26. Memorandum From the President’s Assistant for National Security Affairs (Brzezinski) to President Carter 1

SUBJECT

  • NSC Weekly Report #144

1. Opinion

Though it is still the honeymoon period, I thought you would be pleased to know that relations between Muskie and myself (and State and NSC) seem to be evolving very well. On substance, we have had no real disagreements, and the one or two minor substantive issues that came up were resolved amicably, e.g., the Middle East speech and the Gromyko letter.2

We had a minor flap involving David’s3 role in preparing the political summit, but this, too, worked out to mutual satisfaction sub[Page 106]stantively and procedurally—e.g. Chris4 delegated to David the task of negotiating out the draft Communique.

Muskie has a good political sense. He factors in the public’s attitudes to a far greater extent than Cy did and has a keener sense of Congressional problems and opportunities.

He also strikes me as being more secure; and at SCC meetings, for instance, he does not convey the impression of resenting my chairmanship. (I often had the feeling that Cy did, and sometimes he even let it come through.) He also readily agreed to my suggestion that SALT discussions be handled by Earle-Dobrynin5 and not on the Secretary of State-Dobrynin level.

I expect the press, and perhaps some staff, will do what they can to stimulate conflict—but somehow my feeling is that it will continue to work out OK.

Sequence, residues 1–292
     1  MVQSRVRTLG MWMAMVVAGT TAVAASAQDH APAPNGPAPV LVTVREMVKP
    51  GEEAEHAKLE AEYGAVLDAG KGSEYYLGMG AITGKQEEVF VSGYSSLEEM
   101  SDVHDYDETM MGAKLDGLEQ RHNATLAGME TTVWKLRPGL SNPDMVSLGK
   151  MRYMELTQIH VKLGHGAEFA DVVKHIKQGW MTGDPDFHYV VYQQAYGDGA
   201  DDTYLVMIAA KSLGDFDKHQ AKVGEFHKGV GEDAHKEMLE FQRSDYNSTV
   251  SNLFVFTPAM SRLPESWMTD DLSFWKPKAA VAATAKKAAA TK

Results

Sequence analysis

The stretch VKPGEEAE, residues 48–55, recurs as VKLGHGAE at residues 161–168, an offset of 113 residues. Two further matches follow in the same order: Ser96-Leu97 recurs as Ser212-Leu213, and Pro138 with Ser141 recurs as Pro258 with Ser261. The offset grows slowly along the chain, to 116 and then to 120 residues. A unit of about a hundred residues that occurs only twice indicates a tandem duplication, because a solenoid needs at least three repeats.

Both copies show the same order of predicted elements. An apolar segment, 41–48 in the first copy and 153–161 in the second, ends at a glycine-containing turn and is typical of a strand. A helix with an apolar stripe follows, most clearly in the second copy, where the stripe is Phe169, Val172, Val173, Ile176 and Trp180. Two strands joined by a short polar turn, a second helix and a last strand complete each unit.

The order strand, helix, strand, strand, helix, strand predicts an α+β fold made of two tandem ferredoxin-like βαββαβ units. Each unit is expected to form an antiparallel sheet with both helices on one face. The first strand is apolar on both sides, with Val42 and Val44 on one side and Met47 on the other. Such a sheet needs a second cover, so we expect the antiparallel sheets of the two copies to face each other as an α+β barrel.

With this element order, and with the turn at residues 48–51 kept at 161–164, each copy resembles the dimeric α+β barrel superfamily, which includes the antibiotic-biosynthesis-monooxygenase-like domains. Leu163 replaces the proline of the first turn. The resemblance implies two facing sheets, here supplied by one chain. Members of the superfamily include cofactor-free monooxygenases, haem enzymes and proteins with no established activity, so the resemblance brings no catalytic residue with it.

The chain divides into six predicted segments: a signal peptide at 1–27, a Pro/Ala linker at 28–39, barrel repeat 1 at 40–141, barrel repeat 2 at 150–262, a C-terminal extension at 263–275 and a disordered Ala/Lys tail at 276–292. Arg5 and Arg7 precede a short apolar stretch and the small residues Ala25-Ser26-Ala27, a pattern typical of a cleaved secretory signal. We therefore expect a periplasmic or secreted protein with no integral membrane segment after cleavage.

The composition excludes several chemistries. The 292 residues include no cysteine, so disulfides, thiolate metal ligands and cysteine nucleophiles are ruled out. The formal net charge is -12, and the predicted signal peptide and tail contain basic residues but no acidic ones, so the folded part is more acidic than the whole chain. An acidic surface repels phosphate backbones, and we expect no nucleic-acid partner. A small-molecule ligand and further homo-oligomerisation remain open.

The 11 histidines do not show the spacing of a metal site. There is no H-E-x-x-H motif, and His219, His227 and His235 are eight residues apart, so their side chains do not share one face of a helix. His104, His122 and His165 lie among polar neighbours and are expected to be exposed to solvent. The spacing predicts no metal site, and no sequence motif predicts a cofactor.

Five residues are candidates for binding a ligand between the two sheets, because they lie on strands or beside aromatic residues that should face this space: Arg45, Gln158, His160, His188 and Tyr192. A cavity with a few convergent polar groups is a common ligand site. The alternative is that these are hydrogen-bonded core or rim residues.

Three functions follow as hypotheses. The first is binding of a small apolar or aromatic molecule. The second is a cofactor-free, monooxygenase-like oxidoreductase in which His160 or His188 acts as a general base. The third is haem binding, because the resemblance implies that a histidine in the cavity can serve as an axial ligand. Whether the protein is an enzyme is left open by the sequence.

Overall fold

[Omitted here is information unrelated to the Brzezinski-Muskie relationship.]

  1. Source: Carter Library, National Security Affairs, Brzezinski Material, Brzezinski Office File, Box 127, Weekly National Security Reports: 5–7/80. Secret. A handwritten “C” indicates that Carter saw the memorandum. In his memoir, Brzezinski discussed Carter’s organization of his administration: “Ultimately every decision-making system is a creature of the President, and each President has his own distinctive style. Carter’s was perhaps formally the most centralized of all in the postwar era, even though that did not prevent some internal and even public disputes. Nonetheless, it was a system and a process that actively involved the President and his Cabinet-level advisers in day-to-day deliberations and intensive participation in foreign policy decision making. Further, it enabled President Carter toward the end of his term (October 9, 1980) to state quite accurately and with obvious pride: ‛There have been Presidents in the past, maybe not too distant past, that let their Secretaries of State make foreign policy. I don’t.’” (Brzezinski, Power and Principle, p. 74)
  2. A reference to Muskie’s June 9 speech before the Washington Press Club. See the Department of State Bulletin, July 1980, pp. 3–5. For the text of the letter to Gromyko on Afghanistan, see Document 282 in Foreign Relations, 1977–1980, vol. VI, Soviet Union.
  3. David Aaron.
  4. Warren Christopher.
  5. Ralph Earle, Chief of the United States Delegation to the Strategic Arms Limitation Talks.